Is ADHD Real?

Welcome to the topic, “Is ADHD Real?”

The number of people diagnosed ADHD is increased in recent years. The guidelines use to diagnose the condition changed in 2013 by the health care professionals are partly the reason why people know about it.


Another issue is that kids are often misdiagnosed. Specialists have written that ADHD Does Not Exist.

There’s no doubt that the symptoms of ADHD are real. But experts also show that there are a large number of illnesses and health problems that can cause those symptoms.

Common problems that can cause hyperactivity and attention problems include hearing and vision problems, depression, and sleep disorders.

A Challenging Diagnosis

A doctor or therapist studies your health history, the symptoms you tell them about while observing you the ones they might notice, and what other people who know you well (usually your school teachers and the people that are close to you like your family) say. They may use the “Vanderbilt questionnaire” or the “Conners’ Teacher Rating Scale” to rate how often firm behaviors happen and how much of a problem they are, such as:

  • When spoken to them they directly don’t seem to listen.
  • Feeling difficulties in performing tasks and activities.
  • Has trouble waiting in line.

Especially if a doctor or therapist doesn’t have extensive experience with ADHD, he or she can make a mistake.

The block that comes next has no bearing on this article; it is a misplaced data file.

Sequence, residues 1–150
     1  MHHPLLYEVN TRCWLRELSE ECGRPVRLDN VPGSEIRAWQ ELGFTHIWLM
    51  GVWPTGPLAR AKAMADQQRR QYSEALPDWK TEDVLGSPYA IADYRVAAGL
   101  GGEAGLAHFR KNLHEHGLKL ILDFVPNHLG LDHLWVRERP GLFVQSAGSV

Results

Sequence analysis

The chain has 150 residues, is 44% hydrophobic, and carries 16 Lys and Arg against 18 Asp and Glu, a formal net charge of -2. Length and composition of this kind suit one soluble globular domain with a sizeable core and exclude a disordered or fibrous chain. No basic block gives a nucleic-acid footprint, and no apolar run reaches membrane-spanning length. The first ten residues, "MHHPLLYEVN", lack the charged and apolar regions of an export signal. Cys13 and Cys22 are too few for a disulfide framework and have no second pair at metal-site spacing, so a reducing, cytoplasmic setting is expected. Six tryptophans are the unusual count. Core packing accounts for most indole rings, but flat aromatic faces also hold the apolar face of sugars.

More often, though, people with the disorder also have other health problems, like substance abuse or depression. These problems can disguise ADHD and can make it difficult to get the right diagnosis.

Experts advise seeing a doctor for a full health history and physical exam. They say it would be beneficial to see a psychologist. They can do a very extensive evaluation.

To determine if a child’s symptoms are due to ADHD or other conditions doctors use a medical device that uses brainwaves approved by NEBA in 2013. ‘Traditional diagnostic methods should be used combined’ Research suggests. 

Brain Differences

Doctors don’t know a lot about how ADHD works in the brain. But the imaging tests like MRIs showed a lot of differences between people with ADHD and people without it.

He indicates a brain area known as the prefrontal cortex that plays a role in feelings, performance, and problem-solving. People with ADHD, have activities differently from someone who doesn’t have the condition.

Still, to diagnose the disorder these differences are not enough.

The Role of Treatment

Some experts indicate the disorder’s evidence by the fact that treatment works.


Much research pieces of evidence have shown that when people work with adults or parents of children with ADHD who are suffering from it, they tell them that treatment programs like talk therapy and/or medication lessen ADHD symptoms.

Treatment often includes getting therapy and taking medication. Some teens and adults who don’t have the disorder use them to boost their focus because some of these drugs can be inspiring.

Patients having ADHD symptoms and trying self-medications must talk to a doctor before any bad consequences of these medications. But that’s generally not the case.

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